Red wolf mother F1563 (a.k.a. Salty) shows off some impressive moves to elude her five relentless 4-month-old pups as they whine, paw, and lick about her muzzle to elicit regurgitation. Adults feed pups who are too old to nurse but too young to hunt for themselves by regurgitation. This method of food transfer is unnecessary for humans, but proves an efficient way for a number of different species to feed their young. For wolves, the behavior of licking the muzzle is retained into adulthood by subordinate wolves where it functions as a gesture to reaffirm their role and station with the family.
Does your dog ever lick you on the moth and nose?
Take Action for Red Wolves
Red wolves remain among the world’s most endangered species. The current estimate puts the only wild population of red wolves at their lowest level (50 – 75) since the late 1990s.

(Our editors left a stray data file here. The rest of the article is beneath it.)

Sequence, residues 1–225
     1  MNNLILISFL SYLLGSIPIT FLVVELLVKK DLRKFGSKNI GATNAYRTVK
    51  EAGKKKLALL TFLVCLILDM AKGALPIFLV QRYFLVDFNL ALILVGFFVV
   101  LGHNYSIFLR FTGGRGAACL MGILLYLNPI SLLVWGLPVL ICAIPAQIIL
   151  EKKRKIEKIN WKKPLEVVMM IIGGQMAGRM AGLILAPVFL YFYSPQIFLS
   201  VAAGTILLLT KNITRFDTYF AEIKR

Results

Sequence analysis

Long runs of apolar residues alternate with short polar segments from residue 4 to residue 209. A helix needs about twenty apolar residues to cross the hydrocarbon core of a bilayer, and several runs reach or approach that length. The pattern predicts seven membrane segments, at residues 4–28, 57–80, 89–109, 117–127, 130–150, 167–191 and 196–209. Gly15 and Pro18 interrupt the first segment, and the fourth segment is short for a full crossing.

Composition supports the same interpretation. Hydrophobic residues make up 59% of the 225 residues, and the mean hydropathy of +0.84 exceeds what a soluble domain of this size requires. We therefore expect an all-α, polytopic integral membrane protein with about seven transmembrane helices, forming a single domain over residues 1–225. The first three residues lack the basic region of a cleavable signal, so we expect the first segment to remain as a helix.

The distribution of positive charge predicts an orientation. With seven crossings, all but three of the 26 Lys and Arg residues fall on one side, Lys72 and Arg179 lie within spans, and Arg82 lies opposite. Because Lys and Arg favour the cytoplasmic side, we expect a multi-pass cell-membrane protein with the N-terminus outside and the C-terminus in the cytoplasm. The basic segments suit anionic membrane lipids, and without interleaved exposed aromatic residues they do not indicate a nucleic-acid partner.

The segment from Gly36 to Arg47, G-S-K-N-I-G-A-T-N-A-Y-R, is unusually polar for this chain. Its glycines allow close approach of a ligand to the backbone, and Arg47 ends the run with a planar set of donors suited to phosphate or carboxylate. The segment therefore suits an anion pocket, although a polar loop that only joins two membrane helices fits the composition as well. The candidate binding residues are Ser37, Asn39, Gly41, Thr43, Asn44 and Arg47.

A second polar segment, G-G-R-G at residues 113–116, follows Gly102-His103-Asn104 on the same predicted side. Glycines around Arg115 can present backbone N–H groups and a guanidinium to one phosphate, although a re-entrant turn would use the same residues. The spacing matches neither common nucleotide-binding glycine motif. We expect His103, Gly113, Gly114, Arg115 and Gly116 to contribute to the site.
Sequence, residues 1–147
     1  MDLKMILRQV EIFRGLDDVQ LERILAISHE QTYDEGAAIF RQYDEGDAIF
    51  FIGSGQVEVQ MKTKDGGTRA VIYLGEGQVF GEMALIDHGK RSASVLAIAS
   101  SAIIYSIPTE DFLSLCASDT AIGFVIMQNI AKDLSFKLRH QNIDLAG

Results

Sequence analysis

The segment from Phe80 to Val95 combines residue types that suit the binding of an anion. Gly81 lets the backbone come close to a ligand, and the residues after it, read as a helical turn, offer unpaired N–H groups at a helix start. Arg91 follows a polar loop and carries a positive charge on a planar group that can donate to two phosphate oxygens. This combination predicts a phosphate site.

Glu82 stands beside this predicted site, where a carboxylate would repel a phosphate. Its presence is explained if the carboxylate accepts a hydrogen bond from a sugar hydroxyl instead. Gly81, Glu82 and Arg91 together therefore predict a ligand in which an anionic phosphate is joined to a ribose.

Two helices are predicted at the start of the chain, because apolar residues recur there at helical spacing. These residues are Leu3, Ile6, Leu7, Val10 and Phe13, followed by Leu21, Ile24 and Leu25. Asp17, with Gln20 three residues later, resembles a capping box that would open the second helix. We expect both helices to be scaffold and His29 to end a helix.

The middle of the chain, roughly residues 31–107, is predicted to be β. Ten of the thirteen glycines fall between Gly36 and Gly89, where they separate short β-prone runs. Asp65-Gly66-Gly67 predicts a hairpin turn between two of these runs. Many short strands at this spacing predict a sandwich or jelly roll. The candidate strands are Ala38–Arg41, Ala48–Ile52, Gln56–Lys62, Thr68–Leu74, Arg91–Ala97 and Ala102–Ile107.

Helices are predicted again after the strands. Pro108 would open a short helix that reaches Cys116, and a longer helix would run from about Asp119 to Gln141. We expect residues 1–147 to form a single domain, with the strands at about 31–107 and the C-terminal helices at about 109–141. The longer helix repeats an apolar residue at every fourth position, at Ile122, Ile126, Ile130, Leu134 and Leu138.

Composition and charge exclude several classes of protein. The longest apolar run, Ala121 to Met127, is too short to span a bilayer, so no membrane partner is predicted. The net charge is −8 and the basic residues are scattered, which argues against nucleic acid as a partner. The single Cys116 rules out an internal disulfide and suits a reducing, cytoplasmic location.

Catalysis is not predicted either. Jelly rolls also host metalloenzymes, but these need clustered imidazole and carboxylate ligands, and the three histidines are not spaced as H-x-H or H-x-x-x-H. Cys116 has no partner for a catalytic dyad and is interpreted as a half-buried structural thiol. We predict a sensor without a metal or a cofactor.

Only one place on the planet are wild red wolf populations viable and secure – North Carolina. But the state’s Wildlife Resources Commission has asked U.S. Fish & Wildlife Service (USFWS) to terminate the red wolf recovery program there, a move which would inevitably result in the loss of the last wild population of red wolves and render the species extinct in the wild.
While USFWS, the very agency charged by federal law with protecting the endangered species, continues to review the program, it has halted all captive-to-wild releases and management activity critical to the success of this recovery program.
Please sign the petition to urge USFWS to restore the Red Wolf Recovery Program.